Bart Thompson remembers well the first time he heard about International Samaritan.
“In the fall of 2004, I was a freshman at St. John’s Jesuit High School, where Fr. Vettese was President from 1992 to 2007. I remember in my first week of class seeing an article framed on the wall, from the Toledo Blade I believe, describing our students’ experience on one of the first SJJ service trips to Central America in the mid 1990s. At the end of the article, it said that the students came back with nothing in their suitcases. They had given everything they brought with them to the locals except the clothes on their backs. And I knew in that moment that I wanted to serve like that, to give everything I had to those who needed it more than I did.”
And serve, he did. In 2007, Bart went with fifteen seniors on an IS service trip to Guatemala City. His group helped tutor students, take care of nursery school children, and do maintenance projects in the buildings. He calls his experience there “life changing.” When he returned, he decided to use his athletic and leadership skills to continue to help IS help those in need, and organized a 335-mile charity Bike-a-Thon. The event was a huge success, and has since become an annual event. This year was the 5th annual Charity Ride and it brought in $11,035 in donations.
Bart says that several factors have contributed to his drive to serve those in need, including his faith, his family, and his education at SJJ. He adds, “I also think you realize the commonality of humanity… Service is something that goes beyond one’s faith or religion. When I went to Guatemala when I was at SJJ, I had classmates on the trip who were, besides Catholic, Protestant, Buddhist, Muslim, and Agnostic/Atheist. Serving goes beyond faith; it is built into the framework of what it means to be human. Those you serve, even if they are a world away from you (literally or figuratively), are often not so different from you.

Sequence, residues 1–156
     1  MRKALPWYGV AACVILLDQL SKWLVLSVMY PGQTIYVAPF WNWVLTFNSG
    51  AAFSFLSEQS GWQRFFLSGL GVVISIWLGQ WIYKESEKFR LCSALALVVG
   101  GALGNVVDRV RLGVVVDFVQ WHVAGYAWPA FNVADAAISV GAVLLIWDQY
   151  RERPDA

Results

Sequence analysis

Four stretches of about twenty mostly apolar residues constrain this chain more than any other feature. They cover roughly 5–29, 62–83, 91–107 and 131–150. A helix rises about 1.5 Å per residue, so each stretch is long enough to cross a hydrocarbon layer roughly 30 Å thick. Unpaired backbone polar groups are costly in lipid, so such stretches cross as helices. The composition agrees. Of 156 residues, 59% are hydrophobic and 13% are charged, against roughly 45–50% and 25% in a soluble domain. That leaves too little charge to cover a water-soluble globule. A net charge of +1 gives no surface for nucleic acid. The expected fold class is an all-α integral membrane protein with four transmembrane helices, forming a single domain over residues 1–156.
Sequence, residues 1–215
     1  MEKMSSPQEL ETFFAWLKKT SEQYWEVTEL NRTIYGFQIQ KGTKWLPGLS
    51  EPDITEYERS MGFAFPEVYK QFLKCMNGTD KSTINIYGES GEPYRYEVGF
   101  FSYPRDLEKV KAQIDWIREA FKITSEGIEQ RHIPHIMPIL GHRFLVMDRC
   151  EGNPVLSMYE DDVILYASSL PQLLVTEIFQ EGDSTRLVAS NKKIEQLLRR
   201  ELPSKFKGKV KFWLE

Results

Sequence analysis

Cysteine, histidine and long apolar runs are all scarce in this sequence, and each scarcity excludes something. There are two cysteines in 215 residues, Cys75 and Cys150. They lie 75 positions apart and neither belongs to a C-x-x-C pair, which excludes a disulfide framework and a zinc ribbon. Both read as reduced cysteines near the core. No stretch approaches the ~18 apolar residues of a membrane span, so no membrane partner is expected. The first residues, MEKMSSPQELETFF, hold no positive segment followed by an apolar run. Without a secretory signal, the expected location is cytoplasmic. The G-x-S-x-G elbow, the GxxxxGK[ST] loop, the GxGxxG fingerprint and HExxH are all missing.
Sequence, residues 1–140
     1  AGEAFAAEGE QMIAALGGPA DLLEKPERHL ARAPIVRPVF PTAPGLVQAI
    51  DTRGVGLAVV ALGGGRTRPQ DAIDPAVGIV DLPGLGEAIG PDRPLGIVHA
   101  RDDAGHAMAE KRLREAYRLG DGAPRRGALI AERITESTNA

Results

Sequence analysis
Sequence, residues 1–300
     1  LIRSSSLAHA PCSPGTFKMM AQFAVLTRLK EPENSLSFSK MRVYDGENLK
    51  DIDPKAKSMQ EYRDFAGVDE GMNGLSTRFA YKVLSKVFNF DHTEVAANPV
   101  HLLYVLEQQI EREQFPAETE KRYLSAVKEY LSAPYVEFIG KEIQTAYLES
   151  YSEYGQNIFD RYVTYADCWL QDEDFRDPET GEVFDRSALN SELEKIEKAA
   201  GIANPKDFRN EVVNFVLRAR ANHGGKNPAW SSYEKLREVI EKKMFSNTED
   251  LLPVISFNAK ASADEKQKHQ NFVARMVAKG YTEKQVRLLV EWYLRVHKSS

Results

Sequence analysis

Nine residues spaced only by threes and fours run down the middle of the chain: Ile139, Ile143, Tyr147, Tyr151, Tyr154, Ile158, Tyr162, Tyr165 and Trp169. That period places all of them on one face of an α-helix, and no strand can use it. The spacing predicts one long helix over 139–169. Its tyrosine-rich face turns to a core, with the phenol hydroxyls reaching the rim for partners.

They may speak a different language or talk differently, dress differently, have different religious, cultural, political values, and they may live in absolute poverty while you live in the world’s upper echelon of financial security, but you can almost always find common ground with the people you serve. I think experiencing that connectivity–realizing you share something in common with someone who seems so different from yourself–is a very powerful thing.”
Dan Kennedy, S.J. is a Jesuit Scholastic in First Studies pursuing a Masters in Philosophy at St. Louis University.
Several years ago, he joined International Samaritan on a service trip to Guatemala City. He says of the experience, “Just as important as actually entering the Jesuits, it was an experience that has helped me think of what type of Jesuit to be: one who lives a life with a concern for and close to the poor.” Since then, he is very committed to continued support of IS, because he says, “it continues to work with some of the most marginalized communities in the world to improve living conditions as IS empowers people to shape their own futures.”
His service inspires others to give as well, such as recently when his family an friends gave donations in his name to commemorate his first vows into the Society. Like Bart (above), he often takes a leadership role in his service.
“Leadership is about implementing a vision of a more just, creative, and loving future. Part of this vision in the area of service always involves empowering other collaborators and humility to recognize one’s own limitations.”